How to find your estate agent in Turkey

Many property purchasers are used to the highly regulated real estate markets of the EU or USA. Turkey, on the other hand, had few protections for the property buyer until recently, though the government is trying hard to improve that situation.

Real estate certification is required!

For instance, in June 2018 a new law required the registration of estate agents. They now need a level 4 (for staff) or 5 (for office owners) certificate from the Vocational Qualification Authority, and certification has to be in place by the end of 2019. (If a business hasn't got its certification in hand by now, do you really want to get involved?)

However, agents who haven't registered can still continue to operate, so finding a reputable agent will take you time and a little effort. It's worth checking comments on forums and bulletin boards - have buyers had problems with certain agents in the past?

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Where to find your estate agency?

Turkey is still an emerging real estate market, and it's also a huge country; you could fit the UK into it three times and have a bit left over. That means you won't find the kind of big chains of nationwide agents you might be used to at home. Smaller agents will be poorly placed to advise you on the appeal of one town or neighbourhood versus another. Make sure you know an agent's coverage before you decide to use it, or you could miss out on interesting opportunities. Yes, there are some international agencies working with Turkish properties, but their coverage can be limited and anyway you need to check multiple forums and ask people about their experience.

Start with Properstar

Your best bet if you are just starting your research might be to start browsing properties on Properstar, as we’re working with trusted agencies only. But first define the location of your future residence; since most of the real estate agents cover only part of the country, you will be able to get various objects within that specific place. And keep in mind that some nationalities have certain limits in buying properties in Turkey (e.g. Greeks are not allowed to buy real estate at the Aegean Sea shore and Russians cannot buy property at the Black Sea), so if the agent offers something that you cannot buy, think twice if you should work with this agent.

Peculiarities of working with estate agents in Turkey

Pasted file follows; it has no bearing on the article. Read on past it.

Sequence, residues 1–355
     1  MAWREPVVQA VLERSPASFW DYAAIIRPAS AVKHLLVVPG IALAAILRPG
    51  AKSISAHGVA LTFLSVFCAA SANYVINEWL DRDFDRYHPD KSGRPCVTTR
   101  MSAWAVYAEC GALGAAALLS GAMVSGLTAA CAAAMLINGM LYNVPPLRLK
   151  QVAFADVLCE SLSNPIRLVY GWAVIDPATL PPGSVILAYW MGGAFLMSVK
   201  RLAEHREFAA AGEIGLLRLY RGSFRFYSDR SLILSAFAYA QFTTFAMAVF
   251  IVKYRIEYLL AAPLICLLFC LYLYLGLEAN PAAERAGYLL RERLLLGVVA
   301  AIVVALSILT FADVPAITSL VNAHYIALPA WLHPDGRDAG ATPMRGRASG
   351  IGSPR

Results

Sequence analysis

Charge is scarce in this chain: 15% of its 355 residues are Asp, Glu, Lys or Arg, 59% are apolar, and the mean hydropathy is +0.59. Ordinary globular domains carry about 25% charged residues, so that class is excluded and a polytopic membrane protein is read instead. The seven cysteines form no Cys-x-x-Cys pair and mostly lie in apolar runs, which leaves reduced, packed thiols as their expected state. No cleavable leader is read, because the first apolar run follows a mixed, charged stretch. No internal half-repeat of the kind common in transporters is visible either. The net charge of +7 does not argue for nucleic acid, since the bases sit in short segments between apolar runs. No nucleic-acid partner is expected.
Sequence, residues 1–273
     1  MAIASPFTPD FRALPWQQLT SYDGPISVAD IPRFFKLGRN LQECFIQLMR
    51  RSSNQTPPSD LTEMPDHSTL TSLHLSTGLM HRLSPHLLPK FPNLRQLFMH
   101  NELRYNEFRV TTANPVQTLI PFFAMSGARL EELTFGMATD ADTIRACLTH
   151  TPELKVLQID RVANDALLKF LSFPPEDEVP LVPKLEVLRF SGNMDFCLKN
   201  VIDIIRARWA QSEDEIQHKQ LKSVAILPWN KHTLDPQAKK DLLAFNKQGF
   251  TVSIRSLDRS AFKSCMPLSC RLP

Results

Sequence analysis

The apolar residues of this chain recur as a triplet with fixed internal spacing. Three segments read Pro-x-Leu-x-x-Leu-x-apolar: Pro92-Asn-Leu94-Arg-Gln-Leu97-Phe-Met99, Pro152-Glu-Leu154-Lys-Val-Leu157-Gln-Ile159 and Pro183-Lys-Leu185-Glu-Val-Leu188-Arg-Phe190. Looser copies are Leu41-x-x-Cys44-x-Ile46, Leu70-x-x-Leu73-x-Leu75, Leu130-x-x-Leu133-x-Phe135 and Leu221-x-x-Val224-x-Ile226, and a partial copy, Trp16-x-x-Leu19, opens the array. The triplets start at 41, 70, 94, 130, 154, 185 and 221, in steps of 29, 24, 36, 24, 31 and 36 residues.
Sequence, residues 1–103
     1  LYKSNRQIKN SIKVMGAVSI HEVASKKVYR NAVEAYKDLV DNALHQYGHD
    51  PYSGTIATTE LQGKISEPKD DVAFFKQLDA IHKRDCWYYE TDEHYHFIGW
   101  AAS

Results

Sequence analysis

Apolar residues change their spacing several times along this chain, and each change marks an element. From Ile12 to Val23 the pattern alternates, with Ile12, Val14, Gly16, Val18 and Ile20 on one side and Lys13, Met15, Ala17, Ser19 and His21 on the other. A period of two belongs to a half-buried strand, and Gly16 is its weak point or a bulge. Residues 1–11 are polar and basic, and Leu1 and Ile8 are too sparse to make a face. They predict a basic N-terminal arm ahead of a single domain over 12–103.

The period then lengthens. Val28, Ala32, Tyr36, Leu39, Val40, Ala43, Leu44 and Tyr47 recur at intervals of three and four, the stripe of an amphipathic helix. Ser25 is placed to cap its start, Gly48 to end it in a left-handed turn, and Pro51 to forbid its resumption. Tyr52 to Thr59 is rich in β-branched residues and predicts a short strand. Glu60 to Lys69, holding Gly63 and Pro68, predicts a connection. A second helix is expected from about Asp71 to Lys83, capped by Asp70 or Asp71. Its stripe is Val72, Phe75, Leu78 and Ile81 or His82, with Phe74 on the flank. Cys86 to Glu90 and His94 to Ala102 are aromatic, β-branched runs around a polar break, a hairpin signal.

Properties can be placed with several agents, so you may well find agents want you to sign up with them before they will show you a property - they want to make sure they, and no one else, get the fee for selling it. However, Turkish agents do work with each other occasionally, and split the fees - normally 3% for buyers.

The information that you'll get is typically quite limited. You won't see floor plans, 360 views, walk-throughs or many photos; you won't get an energy efficiency rating; in fact, you may not even get any measurements for individual rooms. You really do need to do all your own research in this market, so go equipped with a clipboard, pen, and tape measure!

And you may get information in Turkish… While most agents are very well used to dealing with foreigners of different nationalities, you may want to arrange the services of a translator to ensure you get an unvarnished and accurate account of exactly what's being said, particularly when you get stuck into the legal process.

Many agents will suggest a lawyer you can use - however, you should stick to your guns and ensure you find an independent lawyer and one who has dealt with cross-border sales before. The more they understand the regulatory and financial background you're coming from, as well as the Turkish market, the easier your life will be.

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Manage the risks!

Remember that apart from a small down payment, you shouldn't be asked to put any money upfront. Don't pay till a penny you can see the TAPU (basically the title deeds) of the property, check that it matches the property and that it doesn't have any debt attached to it (for instance, an unpaid mortgage). Generally, 70-90% of the asking price is paid once your new deeds are ready for issue - which will be some while after you've signed the contract.

Since all the locals complete the purchase process on their own, most real estate agents are used to it and you have to ask your agent if this part is covered as well, otherwise you will have to arrange all the taxes etc. yourself.

As anywhere, buying off-plan requires even more vigilance. You'll want to check the developer's background, and you'll also want to ensure that major payments are made only once the property is completed. In Turkey, that also means it needs to have its Iskan (habitation licence), or you won't be able to connect to the utilities. For foreign property buyers it’s actually recommended to avoid buying off-plan properties, because no one knows if the development is going to be completed or suffers the same fate as Burj al-Babas.

If you want an easy time, going through the Turkish property purchase process is not for you (it's the case for the most overseas property purchases). On the other hand, if you do have the perseverance to get through it, you'll end up with a magnificent property for far less than you'd pay in other similar destinations. And at least you'll have strong Turkish coffee to get you through reading all those legal documents!